How to Help Your 'Short' Kid Through Tricky Situations

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A big part of parenthood is helping your children navigate different scenarios, especially ones that may make them uncomfortable and sad. Kids who are smaller than most other kids their age may have some unique challenges -- insensitive comments from strangers, self-esteem issues, and fear of doctor visits, to name a few -- but luckily your kid has you to help her through.


This is a topic very near to my own heart, as my son is smaller than average. He has encountered comments from strangers and peers that were hurtful to him, as well as doctor visits that left us both in tears. So I talked to an expert whose experience with this is not only professional, but personal as well.

"I took daily injections of growth hormone from ages 6 through 13. I'm still a really short guy. I'm 5'2"," explains Dr. Michael Paff, a school psychologist. "And both my kids are short, and one takes growth hormone." For himself, Paff finds gentle humor helps a lot, but when it comes to his children, he says it's important for your kids to feel you stood up for them. Here's how to do that.

Insensitive comments from strangers

Paff says people think his kids are twins, but they're really two years apart. When strangers make comments that might hurt your kid's feelings, "the best thing to do is offer a quick correction," says Paff. Then, add something positive and interesting about your child.

I'm going to remember this advice when people can't believe my kids are twins -- some insist my son has to be younger. Next time, my response will be, "Actually, they are twins, and my daughter loves to skateboard and my son loves to dance." This helps the focus turn away from the potentially hurtful comment and onto something positive -- and more representative of your child than just his or her size.  

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Fear of doctor visits

Doctors' appointments aren't always a positive experience when you've got a child whose growth is slow. You might find yourself looking at growth charts with worry or putting your child through blood draws that hurt.

Paff suggests making doctor visit day "fantastically fun" in some way. His own memories of these doctor visits as a child also include going out to eat, to the zoo, or to the movie theater afterward -- and he got to skip school to go to the doctor. His family made it fun for him, taking a bit of the worry out of the experience, and he does the same for his kids, too. "Kids really are very concrete, and operant conditioning works great," he says.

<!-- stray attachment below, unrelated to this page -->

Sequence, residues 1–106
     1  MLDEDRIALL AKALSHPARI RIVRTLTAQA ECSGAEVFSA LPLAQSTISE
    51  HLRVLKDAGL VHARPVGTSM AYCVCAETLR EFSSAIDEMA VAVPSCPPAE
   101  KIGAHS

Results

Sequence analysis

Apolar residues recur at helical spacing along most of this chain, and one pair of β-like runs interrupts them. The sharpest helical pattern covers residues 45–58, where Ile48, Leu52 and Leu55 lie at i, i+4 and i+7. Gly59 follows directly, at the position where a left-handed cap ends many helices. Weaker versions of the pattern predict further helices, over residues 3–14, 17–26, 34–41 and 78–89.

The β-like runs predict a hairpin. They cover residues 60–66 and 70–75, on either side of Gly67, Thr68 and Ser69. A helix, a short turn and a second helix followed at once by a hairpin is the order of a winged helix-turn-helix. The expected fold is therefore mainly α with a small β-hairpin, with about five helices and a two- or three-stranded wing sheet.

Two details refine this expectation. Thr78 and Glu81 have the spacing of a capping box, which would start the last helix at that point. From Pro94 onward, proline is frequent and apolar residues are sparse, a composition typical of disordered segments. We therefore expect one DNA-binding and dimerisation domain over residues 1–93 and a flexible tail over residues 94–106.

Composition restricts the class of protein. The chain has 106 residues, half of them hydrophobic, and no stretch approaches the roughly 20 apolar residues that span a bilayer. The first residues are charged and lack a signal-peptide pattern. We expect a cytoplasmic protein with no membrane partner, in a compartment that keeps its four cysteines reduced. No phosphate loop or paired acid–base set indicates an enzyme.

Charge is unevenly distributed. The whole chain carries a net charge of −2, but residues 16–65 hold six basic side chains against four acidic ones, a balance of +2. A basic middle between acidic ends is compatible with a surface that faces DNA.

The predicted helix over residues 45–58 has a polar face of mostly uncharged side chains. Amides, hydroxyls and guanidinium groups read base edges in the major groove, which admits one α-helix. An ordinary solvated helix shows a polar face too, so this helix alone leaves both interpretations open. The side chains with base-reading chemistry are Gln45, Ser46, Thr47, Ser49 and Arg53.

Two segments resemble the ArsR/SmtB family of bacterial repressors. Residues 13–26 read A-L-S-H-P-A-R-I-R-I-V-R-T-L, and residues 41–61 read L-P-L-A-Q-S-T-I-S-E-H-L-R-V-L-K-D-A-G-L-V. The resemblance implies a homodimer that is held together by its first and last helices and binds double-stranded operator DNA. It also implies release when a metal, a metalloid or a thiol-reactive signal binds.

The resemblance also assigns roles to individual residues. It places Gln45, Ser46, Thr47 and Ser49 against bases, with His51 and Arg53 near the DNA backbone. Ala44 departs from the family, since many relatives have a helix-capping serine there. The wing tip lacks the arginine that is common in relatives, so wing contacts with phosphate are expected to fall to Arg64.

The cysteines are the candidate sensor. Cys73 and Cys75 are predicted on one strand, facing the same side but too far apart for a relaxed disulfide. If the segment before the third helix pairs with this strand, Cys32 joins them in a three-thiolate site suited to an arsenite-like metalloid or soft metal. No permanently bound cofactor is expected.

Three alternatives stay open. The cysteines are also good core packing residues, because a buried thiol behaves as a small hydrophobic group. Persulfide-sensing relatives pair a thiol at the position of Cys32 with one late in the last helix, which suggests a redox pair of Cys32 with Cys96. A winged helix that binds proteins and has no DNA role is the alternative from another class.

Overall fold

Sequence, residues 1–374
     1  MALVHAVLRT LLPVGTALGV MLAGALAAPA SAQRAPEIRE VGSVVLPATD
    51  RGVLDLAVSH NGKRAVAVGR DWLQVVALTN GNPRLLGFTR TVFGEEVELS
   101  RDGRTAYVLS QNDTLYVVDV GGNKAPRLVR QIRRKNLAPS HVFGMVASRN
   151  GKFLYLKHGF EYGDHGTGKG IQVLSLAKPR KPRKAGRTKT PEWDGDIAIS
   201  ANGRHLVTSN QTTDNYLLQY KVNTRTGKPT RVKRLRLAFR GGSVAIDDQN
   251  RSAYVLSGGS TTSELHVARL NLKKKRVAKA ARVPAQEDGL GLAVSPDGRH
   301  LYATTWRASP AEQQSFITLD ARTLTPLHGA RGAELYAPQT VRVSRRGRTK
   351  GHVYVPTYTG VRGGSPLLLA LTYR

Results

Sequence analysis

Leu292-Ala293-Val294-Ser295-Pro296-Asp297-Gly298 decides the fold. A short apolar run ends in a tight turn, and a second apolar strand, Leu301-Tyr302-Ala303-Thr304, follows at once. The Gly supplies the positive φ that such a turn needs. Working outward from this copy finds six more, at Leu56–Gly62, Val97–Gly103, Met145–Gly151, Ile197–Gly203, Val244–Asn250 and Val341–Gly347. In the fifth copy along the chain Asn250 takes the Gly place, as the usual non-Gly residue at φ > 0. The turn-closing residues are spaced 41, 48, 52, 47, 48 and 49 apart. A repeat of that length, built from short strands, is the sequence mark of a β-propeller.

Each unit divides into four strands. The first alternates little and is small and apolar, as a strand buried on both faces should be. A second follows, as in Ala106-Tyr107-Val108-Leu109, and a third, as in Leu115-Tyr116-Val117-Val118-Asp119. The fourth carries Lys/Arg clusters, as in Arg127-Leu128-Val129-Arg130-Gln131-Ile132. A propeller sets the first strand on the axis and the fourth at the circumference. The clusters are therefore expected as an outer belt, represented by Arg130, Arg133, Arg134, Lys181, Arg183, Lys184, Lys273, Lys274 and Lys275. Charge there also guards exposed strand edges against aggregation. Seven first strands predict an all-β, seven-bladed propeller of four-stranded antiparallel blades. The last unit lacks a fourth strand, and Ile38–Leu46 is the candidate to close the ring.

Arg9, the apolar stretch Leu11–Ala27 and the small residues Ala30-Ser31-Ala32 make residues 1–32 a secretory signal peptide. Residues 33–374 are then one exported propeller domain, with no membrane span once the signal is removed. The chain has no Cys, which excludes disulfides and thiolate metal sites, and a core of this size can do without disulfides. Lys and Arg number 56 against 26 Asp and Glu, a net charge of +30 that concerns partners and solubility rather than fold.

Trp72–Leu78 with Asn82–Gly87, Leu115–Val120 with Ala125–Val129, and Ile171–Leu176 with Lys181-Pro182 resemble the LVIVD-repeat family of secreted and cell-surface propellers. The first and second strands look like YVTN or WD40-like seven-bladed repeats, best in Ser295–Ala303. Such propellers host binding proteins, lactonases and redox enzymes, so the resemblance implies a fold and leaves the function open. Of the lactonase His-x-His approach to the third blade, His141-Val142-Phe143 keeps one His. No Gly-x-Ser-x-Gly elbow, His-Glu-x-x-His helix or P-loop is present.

Talk to your kid about the doctor visit and his or her concerns, then let your child know exactly what will happen at the visit and why, so there are no surprises. That can help the experience be a little less scary. Then tell your child that after any tests are complete, and blood is drawn if necessary, he or she can have ice cream -- or another treat of some sort. "Some people call this bribery," Paff says, but adds, "These people see nothing wrong with 'treating themselves' to a drink after a long week at work. We all respond to operant conditioning and there's nothing wrong with using it!"

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Feeling "abnormal" 

Being smaller than their friends -- along with those comments and extra doctor visits -- can make kids feel like something is wrong with them.

Try to avoid using the word "normal" around your kid. "I tell high school students that 'normal is just a setting on a dryer' and they get that, but obviously younger kids don't get that. A way to get at that same idea is to point out that everyone has a height. Some are tall, some are short, some are in the middle. We're all different. It's just one of many things that make you who you are. That's all sort of neutral language," he says.

Paff adds that finding a positive role model who is short can help a child -- for him as a kid, it was Michael J. Fox. Kids today may like to hear that Lady Gaga is 5' 1" and Bruno Mars is 5' 5".

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Lower self-confidence

Paff says it's important for kids (and adults) to own their height. "I think that's important to teach kids with any sort of physical difference that could be stigmatized," he says. For example, with his smaller-than-average daughter, Paff says things like Yup! You're short. And you're brilliant. And beautiful and .... "The 'and'-not-'but' construction normalizes the short stature," he explains. This helps to makes it just another thing about your child, neither good nor bad, paired with really positive qualities that are also accurate. 
I'm suddenly feeling more empowered, and will use these strategies to help my child feel more empowered, too ... for being exactly who he is.
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